Potts' commentary is, at last, the book I couldn’t get in bookshops in Corfu, where one proprietor, when I asked about a 'proper' history of Corfu, told me I must go the university for "that kind of detail." Potts modestly quotes the many good histories preceding his, but most are untranslated or slipping out of date, and none deal with the controversies of the last sixty years – the present moral landscape of the area and the rest of Greece and indeed all us xenos who have so invented, fetishized and commodified the place. Seldom was Wildes’ phrase geographically truer - ‘each man kills the thing he loves’. I shall revert to this book which so skillfully bridges the gap between a thesis rich with indexed reference and a guidebook for the visiting traveler and resident alike. Jim Potts' sensibility reminds me of my stepfather's intentionally unpublished ode to 'the book I never wrote' which included the words ‘They claim the sun that used to bake the hay. And breathe the breeze in which the pointing dog caught a hundred scents. They walk out in trainers and T-shirts that say “Save the Rain Forest”. “Stand back!” they say. “We have a right to walk where we please!” But we look where they trod before and shudder for what follows in their footsteps. I said I must write a warning. But I was angry and - as the Japanese say - to be angry is only to make yourself ridiculous. So we will live out our days in the cracks between the concrete. And then they will pour cement on top of us.'
Jim Potts' book is no threnody. He finishes with a seventh chapter on ‘New Perspectives’ which includes such concerns for the commons – as access to places for the disabled, potholes filled to save the lives of people on cycles and scooters, the value of re-binding the Ionian Islands by restoring reliable and frequent sea ferry services between them instead of thinking only of road and air transport to and from the mainland, and - writing from a male perspective - respect for women and the memory of their oppression, as well as the deconstruction of narratives that have outlived their uses, yet which, in our mingled mongrel world, still fuel futile animosities. Potts knows that for all the grieving we do about despoiled landscape, practical solutions, resolutions and reconciliations begin in the landscapes of our imagination. Matthew Arnold said it at the end of Dover Beach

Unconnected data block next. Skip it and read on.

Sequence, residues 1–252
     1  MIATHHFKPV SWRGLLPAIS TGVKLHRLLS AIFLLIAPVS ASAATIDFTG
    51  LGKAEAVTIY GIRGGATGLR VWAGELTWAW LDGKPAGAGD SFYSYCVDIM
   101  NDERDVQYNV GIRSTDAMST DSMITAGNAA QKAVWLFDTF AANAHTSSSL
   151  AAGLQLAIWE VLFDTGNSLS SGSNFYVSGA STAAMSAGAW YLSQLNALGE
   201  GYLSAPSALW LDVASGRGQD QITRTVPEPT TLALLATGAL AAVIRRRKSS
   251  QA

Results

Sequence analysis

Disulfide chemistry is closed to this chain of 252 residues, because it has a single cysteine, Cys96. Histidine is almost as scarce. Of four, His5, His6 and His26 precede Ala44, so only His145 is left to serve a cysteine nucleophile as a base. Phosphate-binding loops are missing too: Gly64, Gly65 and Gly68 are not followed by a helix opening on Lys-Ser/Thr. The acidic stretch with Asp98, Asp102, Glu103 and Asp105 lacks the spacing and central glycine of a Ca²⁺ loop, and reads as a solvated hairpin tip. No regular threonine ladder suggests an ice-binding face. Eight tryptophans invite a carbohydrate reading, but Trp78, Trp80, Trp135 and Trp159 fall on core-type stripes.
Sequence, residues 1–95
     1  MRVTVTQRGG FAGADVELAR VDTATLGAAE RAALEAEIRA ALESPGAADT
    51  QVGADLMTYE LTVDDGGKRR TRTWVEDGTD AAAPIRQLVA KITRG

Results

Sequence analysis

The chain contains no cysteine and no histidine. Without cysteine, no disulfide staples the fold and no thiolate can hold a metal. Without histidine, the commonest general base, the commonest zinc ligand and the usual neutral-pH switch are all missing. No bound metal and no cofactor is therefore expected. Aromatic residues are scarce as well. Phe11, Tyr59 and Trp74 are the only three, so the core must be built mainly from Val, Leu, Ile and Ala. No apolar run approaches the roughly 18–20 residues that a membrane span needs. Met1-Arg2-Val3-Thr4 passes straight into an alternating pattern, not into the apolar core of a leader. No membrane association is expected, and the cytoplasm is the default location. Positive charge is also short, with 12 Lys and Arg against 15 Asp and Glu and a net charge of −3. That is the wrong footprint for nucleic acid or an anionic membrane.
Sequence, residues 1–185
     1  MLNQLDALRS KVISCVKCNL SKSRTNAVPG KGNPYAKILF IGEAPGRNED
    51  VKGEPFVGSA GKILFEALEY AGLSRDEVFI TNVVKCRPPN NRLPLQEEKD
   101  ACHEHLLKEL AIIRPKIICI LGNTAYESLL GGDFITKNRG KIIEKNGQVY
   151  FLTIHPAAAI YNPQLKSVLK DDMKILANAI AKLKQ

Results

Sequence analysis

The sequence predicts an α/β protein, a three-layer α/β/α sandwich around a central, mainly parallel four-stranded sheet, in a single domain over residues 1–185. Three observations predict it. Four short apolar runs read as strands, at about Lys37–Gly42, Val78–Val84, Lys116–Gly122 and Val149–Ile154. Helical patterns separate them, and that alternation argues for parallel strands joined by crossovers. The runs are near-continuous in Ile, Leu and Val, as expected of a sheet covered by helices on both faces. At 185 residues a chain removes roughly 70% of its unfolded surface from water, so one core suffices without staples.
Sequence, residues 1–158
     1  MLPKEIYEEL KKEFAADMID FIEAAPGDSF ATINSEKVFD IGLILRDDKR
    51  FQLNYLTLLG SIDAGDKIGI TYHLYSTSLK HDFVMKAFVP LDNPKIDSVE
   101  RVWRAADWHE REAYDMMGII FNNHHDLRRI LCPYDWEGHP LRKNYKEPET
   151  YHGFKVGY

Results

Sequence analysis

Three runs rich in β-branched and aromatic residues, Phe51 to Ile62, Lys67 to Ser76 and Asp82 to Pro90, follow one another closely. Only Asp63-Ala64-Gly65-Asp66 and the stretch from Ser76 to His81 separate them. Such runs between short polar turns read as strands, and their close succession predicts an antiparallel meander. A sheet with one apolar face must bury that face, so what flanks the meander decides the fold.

Ah love, let us be true to one another! for the world, which seems to lie before us like a land of dreams, so various, so beautiful, so new hath really neither joy, nor love, nor light, nor certitude, nor peace, nor help for pain...
Potts' most controversial thrusts are questions, gentle but accurate, not accusations, even his strongest reproaches – illustrated by diatribes from other writers, visitors and residents, foreigners and natives – are conditional, based on charitable understanding of the frailties – including the greed for excess pleasure that runs through our nature, the blind march of ignorant armies. He ends by quoting the hopes and dreams of Greeks, friends, wives, husbands, brothers and sisters, hosts and guests convoyed to Ithaka under the escort of painters, musicians, the designers of school curricula, writers and poets- Cavafy’s lines:
Ἒτσι ποῦ τὴ ζωή σου ρήμαξες εδῶστὴν κώχη τούτη τὴν μικρή, σ’ ὄλην τὴν γὴ τὴν χάλαδες
(Last lines of The City: 'Just as you've wasted your life here, in this tiny niche, in the entire world you've ruined it.' ) I know a secret about Jim Potts. I met him for coffee and mezés on the Liston at Zisimos at the end of January. He’s as sure as scholarship allows of threads connecting classical and modern Greece; not the forged links of propaganda and government schoolbooks, kitsch monuments and municipal pageants, viewed as duplicitous and burdensome among many Greeks, but something subtler, too elusive for politics; a form that dissolves before it enters the liminal, like déjà vu. As he disposes myths, he corrects ancient misquotes (that famous one ‘beware of Greeks bearing gifts’ is mistranslated from a caution to a prejudice ‘beware of Greeks even when they bear gifts’) and deconstructs without ridicule a host of over-cherished stories. Over my coffee and his chocolate he said "I've been quite controversial, I think."(Hilary Paipeti's review in the April Corfiot)